“You mean aside from the fact that you’re totally obvious?” Albie glances out over the courtyard and finds Jamie amongst his friends. Jamie looks up and gives him a wave, then smiles a bright smile at Scor that he quickly covers up with his hand and turns back to his friends. Albie turns back to Scor, who saw the entire thing. “Because I know you.”

-- -- -- --

Scor fidgets with his tie, utterly fails to charm it into place and throws his wand across the tent in a fit of pique. “I look ridiculous. I look ridiculous and pompous and old-fashioned, and it’s all Father’s fault that he insisted on this ridiculous, traditional, godawful set of robes! I hate everything about this, and I’m going home!” He stomps away from the mirror and throws himself onto the cot along the wall.

Albie swallows the laughter that threatens to erupt and schools his expression to one of appropriate concern. “It’s really not that bad,” he says, which is probably the wrong thing to say, he realizes, as soon as it leaves his mouth.

Scor gives him a withering look. “At least you look like you, for fuck’s sake. I look like a pompous little git!”

“You really don’t, I promise,” Albie replies. He glances down at himself, dressed as he is in a pair of black skinny trousers, a ratty old pair of dragonhide boots, a green button-down and a black bow-tie. “Although I suppose compared to me, you rather do…”

“See I knew it!” He lets out a frustrated groan and scrubs his hands over his face, knocking his glasses aside. “This is a terrible idea. It’s never going to work actually. So why don’t we all just go home? Everyone will be much happier if we all just go home!”

Albie rolls his eyes and then walks over to the cot, nudges at Scor’s legs until he shoves over and sits down. “Everyone will be much happier? Really? Everyone is going to be so much happier that you fucked off for home because your robes look poncey?”

Scor remains silent, until Albie shoves him over a bit more and lies down next to him. “This cot isn’t big enough for both of us,” he mutters, but he’s smiling at least a bit now.

“It’s going to be great, you know. You could go out there totally starkers, and it wouldn’t matter. Not to the people who count,” Albie says softly.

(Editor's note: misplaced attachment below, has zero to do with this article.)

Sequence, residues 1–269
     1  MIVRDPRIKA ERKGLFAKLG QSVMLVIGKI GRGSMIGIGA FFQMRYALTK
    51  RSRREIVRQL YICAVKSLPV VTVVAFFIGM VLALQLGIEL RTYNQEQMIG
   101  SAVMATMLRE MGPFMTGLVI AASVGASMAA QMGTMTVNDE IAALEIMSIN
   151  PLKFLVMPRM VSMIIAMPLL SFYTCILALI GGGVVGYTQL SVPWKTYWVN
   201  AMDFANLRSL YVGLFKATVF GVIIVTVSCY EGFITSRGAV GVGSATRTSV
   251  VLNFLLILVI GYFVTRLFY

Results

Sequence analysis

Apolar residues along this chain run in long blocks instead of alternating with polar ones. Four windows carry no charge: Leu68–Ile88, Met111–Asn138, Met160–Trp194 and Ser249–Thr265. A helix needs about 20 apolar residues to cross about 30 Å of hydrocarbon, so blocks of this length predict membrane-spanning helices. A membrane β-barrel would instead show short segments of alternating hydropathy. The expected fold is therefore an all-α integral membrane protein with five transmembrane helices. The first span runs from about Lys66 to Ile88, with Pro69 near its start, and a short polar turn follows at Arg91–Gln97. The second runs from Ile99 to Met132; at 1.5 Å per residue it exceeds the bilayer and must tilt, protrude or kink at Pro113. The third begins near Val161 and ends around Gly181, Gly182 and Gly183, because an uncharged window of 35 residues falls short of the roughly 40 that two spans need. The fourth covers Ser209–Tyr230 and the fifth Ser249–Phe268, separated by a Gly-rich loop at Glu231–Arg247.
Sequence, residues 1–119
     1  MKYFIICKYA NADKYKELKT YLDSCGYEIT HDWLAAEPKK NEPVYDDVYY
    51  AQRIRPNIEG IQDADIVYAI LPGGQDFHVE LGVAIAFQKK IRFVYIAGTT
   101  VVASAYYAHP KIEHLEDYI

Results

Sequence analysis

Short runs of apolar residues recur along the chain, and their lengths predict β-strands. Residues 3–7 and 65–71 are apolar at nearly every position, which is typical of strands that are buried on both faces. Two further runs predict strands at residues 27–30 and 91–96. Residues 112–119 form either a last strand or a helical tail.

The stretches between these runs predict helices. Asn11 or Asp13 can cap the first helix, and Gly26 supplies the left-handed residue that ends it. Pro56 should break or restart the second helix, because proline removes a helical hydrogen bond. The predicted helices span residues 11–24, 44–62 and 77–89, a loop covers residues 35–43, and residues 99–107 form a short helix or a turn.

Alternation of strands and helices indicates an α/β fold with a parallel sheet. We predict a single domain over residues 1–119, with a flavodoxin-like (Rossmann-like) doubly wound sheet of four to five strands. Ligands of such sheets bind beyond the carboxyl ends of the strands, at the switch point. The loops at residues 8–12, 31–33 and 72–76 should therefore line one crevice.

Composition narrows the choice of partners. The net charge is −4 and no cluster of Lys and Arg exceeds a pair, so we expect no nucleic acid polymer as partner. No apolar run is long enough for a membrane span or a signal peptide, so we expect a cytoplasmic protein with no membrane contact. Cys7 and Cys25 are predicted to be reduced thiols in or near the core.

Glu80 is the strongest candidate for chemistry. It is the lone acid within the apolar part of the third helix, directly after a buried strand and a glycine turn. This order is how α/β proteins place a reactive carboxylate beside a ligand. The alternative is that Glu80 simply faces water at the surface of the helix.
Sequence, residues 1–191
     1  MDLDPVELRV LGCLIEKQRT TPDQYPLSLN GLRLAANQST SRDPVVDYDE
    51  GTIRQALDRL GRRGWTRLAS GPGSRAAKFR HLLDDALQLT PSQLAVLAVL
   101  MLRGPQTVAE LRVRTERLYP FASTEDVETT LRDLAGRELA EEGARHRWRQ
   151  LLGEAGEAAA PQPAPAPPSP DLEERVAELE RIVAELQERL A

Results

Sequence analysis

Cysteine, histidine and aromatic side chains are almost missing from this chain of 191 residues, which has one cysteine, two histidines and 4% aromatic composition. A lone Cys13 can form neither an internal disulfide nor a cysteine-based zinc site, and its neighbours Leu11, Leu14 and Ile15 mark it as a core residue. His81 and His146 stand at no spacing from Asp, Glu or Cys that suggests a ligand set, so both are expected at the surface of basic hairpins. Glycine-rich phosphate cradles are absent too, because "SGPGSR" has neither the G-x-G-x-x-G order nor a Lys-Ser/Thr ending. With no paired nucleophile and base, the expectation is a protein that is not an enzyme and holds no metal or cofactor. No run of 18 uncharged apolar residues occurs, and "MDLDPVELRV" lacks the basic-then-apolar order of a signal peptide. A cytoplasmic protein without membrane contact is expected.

“What if I fuck it all up?” Scor whispers.

Albie knows he’s not just talking about his outfit anymore. “You won’t...and if you somehow do, you can blame it all on me.”

Scor snickers. “It was rather all your fault in the first place, wasn’t it?”

“A bit, yeah,” Albie replies, before wrapping his arms, however awkwardly, around Scor. “But I wouldn’t have it any other way, would you?”

“No way.”

They lay together for a few moments more, quiet and contemplative, until Scor finally nudges him. Albie climbs off the cot and straightens his shirt once again. “I should probably pop over and give the same pep talk to the other groom,” he says, as he heads for the tent’s opening.

“Tell him I love him,” Scor replies absently, as he takes his place in front of the mirror again. Albie watches, grinning, as he slices the fancy robes off, leaving himself in a skinny white suit. He looks an absolute vision, and as Albie ducks out of the tent to find his brother, he knows that everything’s going to be just fine.

-- -- -- --

Dad likes to say it was inevitable that they two should be best friends. He gets a funny sort of faraway look in his eyes, but he smiles nonetheless and says, “There’s just something about those Malfoy boys. They get under your skin.”

Albie knows the truth of it, though. He’s a smart lad, a would-do-well-in-Ravenclaw lad, and it was not inevitable that he and Scor should be best friends. Because the connotation of inevitability is negative: a chance pushing together by the stars or by some controlling deity, yes, but one that smacks of oh, it can’t be helped, so better we make the most of it. No, the truth of it is that he and Scor are best friends because it’s fated, a far more romantic and adventurous word for inevitable. He’d known it from the moment Scor’d shyly held out his hand for a shake, and he’d clasped it firmly and shook it vigorously, just like Dad had taught him. They’ve been inseparable ever since, like it was written in a script long ago, just waiting to be acted out.

They lie together on Albie’s bed, the curtains drawn closed against the sleepy noises of their fellow Slytherin first years. They’re close enough together that Scor doesn’t need his glasses to see, and Albie thinks that Scor looks much softer without the thick, black frames.

“Will you come visit me this summer?” Scor whispers, his warm breath puffing over Albie’s face.

Albie thinks back to Dad and Mum’s faces over the Christmas hols when he’d first told them about Scor, and then again over Easter when his friendship with Scor had only been stronger, and he grins. “Sure enough will,” he agrees. “Mum’ll lay an egg, but Dad’ll talk her into it.” He doesn’t really know why Mum doesn’t like Scor’s father, except that it has something to do with the war, but he’s sure that she’ll relent. She loves him, after all, and just wants what’s best for him. She says that a lot.

Scor’s grin lights up his face. “I can’t wait to show you the Manor. We’ve got a pool and everything!”

“Totally brill,” Albie replies, grinning back.

They spend most of the rest of the night making plans. Albie will go to Malfoy Manor to swim in their massive outdoor pool, and together, they’ll chase peacocks and tease old portraits of dusty relatives. Then later, Scor will come to Grimmauld Place, and they’ll have games of Quidditch with Jamie and Dad will tell them all sorts of stories from when he was young--the real stories, not the official ones from their History of Magic books.

And in the wee hours of the morning, when Scor has finally fallen asleep, Albie carefully gets off the bed and goes back to his own. He crawls under the covers, closes his eyes and smiles softly to himself as he drifts off to sleep.

He’s not exactly certain what it means, but somehow he knows that wherever Scor wants to lead him, he’ll follow for as long as Scor will let him. Always.